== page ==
Where’s the snow? Area sees second consecutive mild winter

Published 11:47 am Wednesday, February 14, 2024

It’s been two years since Smithfield or Surry saw snow.

The area saw a few flurries mixed with rain from a Jan. 15 winter storm, but the last measurable snowfall came Jan. 21, 2022. Last year, when Isle of Wight County Schools didn’t use a single snow day all winter, its School Board declared one in May to make up for the unused days off.

According to the National Weather Service, two consecutive snowless winters haven’t been seen in the area since the early 1990s. Smithfield went without a single snowstorm January through March of 1991 and again during the same three months in 1992.

Subscribe to our free email newsletter

Get the latest news sent to your inbox

It’s on track to do so again.

Despite a mid-month cold snap, January was on average warmer and wetter than prior years.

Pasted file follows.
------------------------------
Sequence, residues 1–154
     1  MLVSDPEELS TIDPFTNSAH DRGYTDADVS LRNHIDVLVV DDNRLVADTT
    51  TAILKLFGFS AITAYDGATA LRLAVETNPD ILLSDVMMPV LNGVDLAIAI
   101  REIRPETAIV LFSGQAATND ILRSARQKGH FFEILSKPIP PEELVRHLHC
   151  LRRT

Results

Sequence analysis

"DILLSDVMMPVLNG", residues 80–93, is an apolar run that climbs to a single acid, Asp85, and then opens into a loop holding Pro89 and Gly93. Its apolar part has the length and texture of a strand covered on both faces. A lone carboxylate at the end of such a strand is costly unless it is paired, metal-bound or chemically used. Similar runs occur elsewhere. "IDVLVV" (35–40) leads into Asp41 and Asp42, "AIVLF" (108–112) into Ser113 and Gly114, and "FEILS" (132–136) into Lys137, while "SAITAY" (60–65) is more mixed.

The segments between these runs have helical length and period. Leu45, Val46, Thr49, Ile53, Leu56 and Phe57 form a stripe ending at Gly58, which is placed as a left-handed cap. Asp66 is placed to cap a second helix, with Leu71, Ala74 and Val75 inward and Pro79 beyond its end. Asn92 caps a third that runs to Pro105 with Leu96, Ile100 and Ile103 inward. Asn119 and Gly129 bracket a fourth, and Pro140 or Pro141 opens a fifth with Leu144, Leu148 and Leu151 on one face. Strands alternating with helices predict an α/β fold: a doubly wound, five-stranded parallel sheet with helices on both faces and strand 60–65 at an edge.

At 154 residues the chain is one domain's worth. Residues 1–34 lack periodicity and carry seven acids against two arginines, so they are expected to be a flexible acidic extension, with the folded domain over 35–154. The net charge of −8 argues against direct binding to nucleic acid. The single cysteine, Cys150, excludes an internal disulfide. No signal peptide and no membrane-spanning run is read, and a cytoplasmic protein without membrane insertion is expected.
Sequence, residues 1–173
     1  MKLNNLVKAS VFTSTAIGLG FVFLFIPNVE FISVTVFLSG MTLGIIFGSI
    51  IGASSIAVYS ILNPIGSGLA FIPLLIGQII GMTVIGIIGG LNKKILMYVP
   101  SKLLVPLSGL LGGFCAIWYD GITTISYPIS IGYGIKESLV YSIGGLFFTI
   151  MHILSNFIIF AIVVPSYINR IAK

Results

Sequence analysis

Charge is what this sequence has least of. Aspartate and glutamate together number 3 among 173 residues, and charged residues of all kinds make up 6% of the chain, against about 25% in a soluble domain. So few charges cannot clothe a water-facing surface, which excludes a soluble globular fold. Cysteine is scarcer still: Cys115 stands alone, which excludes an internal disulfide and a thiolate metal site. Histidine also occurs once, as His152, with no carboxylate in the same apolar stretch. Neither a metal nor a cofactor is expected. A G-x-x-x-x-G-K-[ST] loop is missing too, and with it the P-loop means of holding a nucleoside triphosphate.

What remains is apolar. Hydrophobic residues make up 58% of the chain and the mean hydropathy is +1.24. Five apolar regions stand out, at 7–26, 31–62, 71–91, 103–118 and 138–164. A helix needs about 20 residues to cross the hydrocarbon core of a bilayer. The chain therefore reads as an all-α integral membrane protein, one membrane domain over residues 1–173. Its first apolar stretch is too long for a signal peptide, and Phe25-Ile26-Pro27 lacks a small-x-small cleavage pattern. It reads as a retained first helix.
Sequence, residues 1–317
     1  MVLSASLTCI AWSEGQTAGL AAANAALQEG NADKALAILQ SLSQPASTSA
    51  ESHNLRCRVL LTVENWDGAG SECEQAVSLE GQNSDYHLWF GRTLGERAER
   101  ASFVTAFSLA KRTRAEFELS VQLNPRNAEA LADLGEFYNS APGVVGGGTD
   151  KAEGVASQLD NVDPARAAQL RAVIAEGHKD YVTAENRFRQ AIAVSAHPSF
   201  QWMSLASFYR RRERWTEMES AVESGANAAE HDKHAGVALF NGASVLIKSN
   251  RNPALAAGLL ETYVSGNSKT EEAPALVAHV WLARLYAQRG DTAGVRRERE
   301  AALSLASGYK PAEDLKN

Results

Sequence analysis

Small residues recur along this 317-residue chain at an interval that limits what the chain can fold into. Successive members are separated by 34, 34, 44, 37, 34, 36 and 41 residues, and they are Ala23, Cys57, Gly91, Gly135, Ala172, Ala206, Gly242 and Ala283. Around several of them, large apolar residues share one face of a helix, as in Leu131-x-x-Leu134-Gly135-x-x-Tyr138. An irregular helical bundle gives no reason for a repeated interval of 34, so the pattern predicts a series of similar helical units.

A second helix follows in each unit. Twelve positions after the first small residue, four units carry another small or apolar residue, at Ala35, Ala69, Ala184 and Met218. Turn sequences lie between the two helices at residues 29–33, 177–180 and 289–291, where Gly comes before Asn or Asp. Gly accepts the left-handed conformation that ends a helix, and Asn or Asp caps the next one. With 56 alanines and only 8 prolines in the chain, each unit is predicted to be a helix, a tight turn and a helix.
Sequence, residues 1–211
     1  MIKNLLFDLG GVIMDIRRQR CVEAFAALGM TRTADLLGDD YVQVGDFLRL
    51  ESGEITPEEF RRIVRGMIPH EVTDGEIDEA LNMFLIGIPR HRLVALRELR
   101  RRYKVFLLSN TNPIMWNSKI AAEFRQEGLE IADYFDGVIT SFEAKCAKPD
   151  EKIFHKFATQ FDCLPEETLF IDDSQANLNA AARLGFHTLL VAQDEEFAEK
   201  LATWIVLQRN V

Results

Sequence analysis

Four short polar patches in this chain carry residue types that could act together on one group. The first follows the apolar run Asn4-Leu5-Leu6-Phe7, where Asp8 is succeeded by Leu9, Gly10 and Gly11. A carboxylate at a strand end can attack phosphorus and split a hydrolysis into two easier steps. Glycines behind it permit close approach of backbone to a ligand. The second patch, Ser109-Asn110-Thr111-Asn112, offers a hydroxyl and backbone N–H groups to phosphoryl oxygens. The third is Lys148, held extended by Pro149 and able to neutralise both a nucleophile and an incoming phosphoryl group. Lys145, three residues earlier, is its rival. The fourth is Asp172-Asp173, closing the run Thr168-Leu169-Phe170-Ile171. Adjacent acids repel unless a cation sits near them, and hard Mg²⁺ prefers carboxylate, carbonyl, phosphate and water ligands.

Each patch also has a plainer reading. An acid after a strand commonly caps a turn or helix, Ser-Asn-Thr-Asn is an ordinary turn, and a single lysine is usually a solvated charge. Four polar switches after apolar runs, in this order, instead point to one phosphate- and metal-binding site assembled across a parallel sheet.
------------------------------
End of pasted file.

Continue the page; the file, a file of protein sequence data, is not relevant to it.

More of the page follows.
Larry Brown, a meteorologist with the National Weather Service’s Wakefield station, said temperatures across the area last month averaged three degrees above normal.

January snowfall in southeast Virginia averages around 3 inches, but “there’s a lot of years that are like this,” Brown said.

The region averaged 5.6 inches of snow per year from 1981 to 2010, according to NWS records. The NWS had forecast in December that the next three months would be warmer and wetter due to El Niño, a weather phenomenon that periodically causes the Pacific jet stream to move south and spread further east, continuing through the winter for the first time since 2018.

According to the NWS, snowfall totals are typically higher than normal in Southern states during El Niño winters than during its counterpart, La Niña, which produces periodic cooling in the Pacific. But the winter of 2023-24 has so far bucked the trend with more rain than snow.

Wakefield recorded just over 5 inches of rainfall last month, up from the 3.8-inch 30-year average for January. Newport News, the closest monitoring station to Smithfield, recorded 3.4 inches compared to a 3-inch average.

In 2023, Smithfield saw a record-tying February heatwave that peaked at 79 degrees for the first time since 1975. Brown, however, said this January’s warmer-than-usual temperatures and lack of snow are neither record-breaking nor significantly unusual.

“There’s a lot of variation in January,” Brown said.